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Wild Wools

The best present I ever knitted was a complicated, cabled, never-say-die cardigan for my mother. Let me just say, without a trace of humility, it was beautiful.

When it was finished, I wove in the last few ends and, just like that, handed it to her with a sheepish grin. I was a few months late, it was mid-February and her birthday is in October.

Truthfully, the event was anti-climactic. My mom was enthusiastic and gracious but it just wasn't what I hoped for. No doves flew overhead heralding my knitting perfection, the local fair didn't hold a haiku contest with my sweater as the subject, the mayor didn't hand me an oversized key to the city. What had I missed?

The answer: presentation. Quite simply, presentation is essential to any gifting experience. I missed the process of wrapping the box, smoothing and folding the tissue paper and tying a big, beautiful bow. I never saw the anticipation on my mother's face, heard the satisfying tear of the paper, nor witnessed the slow and measured opening of the box.

With that cautionary tale in mind, I have since been wrapping special gifts with extra-special care. Here are a few tips and tricks from the simple to the complicated.

It's a race to the finish line. The birthday party is in half an hour. That's 30 minutes. Deep breath. Time is such a silly existential notion.

Repeat this thought over and over. You've almost finished the sweater you've been laboring over for months -- in fact, you are 98 per cent finished. You just need time to join the arm seams. And sew in a few loose bits. And do a quick block.

In this instance, I defer to Joelle Hoverson's Last-Minute Knitted Gifts. Hoverson has dedicated a complete chapter on the art of gift-wrapping. From tasseled I-cords to crochet chains to knitted bags, Hoverson has a range of sweet and simple projects. Among Hoverson's quick and easy suggestions: wrap your gifts in tissue paper and use remnant pieces of yarn from the project in place of ribbon. Simple, tidy, understated, and truly pretty as a picture.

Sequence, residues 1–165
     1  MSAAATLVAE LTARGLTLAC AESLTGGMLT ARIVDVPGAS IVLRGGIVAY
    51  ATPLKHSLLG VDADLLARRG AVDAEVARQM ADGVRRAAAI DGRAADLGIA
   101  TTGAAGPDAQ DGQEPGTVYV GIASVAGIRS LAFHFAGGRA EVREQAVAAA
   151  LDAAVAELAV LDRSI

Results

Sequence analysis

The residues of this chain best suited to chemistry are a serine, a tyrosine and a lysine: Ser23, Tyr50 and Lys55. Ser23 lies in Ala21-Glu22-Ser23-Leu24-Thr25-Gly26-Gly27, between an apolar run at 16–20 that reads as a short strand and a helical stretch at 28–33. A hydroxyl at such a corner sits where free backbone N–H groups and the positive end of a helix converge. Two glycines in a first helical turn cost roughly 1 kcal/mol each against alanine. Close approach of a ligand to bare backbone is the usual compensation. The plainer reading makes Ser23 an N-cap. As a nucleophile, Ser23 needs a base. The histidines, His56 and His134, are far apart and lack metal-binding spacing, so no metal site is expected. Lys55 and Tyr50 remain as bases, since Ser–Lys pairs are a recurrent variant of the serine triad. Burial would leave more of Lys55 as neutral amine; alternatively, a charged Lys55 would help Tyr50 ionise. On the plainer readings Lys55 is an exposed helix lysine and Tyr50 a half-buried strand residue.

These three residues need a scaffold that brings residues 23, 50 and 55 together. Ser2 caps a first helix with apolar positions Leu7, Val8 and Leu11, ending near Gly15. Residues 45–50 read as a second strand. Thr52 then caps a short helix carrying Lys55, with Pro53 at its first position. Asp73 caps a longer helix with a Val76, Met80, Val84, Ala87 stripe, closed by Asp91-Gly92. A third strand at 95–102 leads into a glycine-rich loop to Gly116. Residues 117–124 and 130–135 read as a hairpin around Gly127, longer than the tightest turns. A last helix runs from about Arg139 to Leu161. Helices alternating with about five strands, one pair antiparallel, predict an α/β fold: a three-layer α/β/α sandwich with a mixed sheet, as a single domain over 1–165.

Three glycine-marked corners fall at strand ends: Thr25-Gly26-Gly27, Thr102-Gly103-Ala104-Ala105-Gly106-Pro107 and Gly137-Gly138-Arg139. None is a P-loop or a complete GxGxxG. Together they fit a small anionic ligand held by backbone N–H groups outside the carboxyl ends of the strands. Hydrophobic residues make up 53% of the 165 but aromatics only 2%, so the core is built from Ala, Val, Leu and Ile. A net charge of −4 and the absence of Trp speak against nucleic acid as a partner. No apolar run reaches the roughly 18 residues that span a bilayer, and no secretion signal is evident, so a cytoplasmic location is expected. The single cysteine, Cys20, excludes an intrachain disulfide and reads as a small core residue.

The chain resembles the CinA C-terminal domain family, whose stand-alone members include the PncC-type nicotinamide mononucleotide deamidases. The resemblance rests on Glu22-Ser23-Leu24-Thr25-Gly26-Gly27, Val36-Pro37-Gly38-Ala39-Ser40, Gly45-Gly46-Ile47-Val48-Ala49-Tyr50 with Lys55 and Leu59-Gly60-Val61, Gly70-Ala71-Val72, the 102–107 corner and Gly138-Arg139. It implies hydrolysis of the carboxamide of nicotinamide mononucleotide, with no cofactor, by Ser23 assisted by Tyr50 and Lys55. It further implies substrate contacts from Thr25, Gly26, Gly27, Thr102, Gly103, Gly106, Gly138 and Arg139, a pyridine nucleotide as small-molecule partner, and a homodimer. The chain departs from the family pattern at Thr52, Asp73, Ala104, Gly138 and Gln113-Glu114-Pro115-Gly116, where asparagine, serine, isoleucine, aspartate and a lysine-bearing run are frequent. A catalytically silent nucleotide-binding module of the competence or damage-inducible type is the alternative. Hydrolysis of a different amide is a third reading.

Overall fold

The mighty-mighty pom-pom
With just a bit more time, you can make a few fluffy pom-poms or tassels to embellish your tissue-paper wrapped gift.

Whimsical and retro, these trimmings can later be used as bookmarks, cat toys or lamp pulls.

Scarf Solution
Consider, for a moment, the scarf. Straight edges span forward into a long, pleasing, geometrical rectangle. Decorative fringes punctuate each end. Scarves are among the most functional and practical of accessories. But sometimes, a scarf can be more than just a scarf.

Make the gift of your scarf an essential part of the presentation itself - use it as an alternative to wrapping paper. This works best if the scarf has been knitted from laceweight yarn. Chunkier yarns are okay too but they tend to make the package bulky -- see yarn-o-licious below.

Roll your scarf loosely around a companion gift -- a small, boxed bracelet or a precious novella - end over end.

Once you reach the middle of the scarf, fold it diagonally to change direction. Use a contrasting piece of yarn to tie the bundle together.

You have sixteen gorgeous scarves to give away as holiday presents. Some are brightly colored others are gracefully muted. But which scarf should you give to your cousin, aunt, uncle, best friend, or sister-in-law?

Buy a roll of clear cellophane and roll forth a generous square. Roll the scarf in the cellophane, leaving room at the ends to cinch and tie with a curled ribbon. When you're done it will look like a yummy, giant bonbon. Delicious! Let your lucky gift-giving recipients choose which scarf they fancy.

If you prefer a bit of mystery but like the look, buy tinted cellophane that hides a bit of the texture and color of your knitted garment, or wrap the item first in translucent tissue paper and then finish up with cellophane.

Fresh as a flower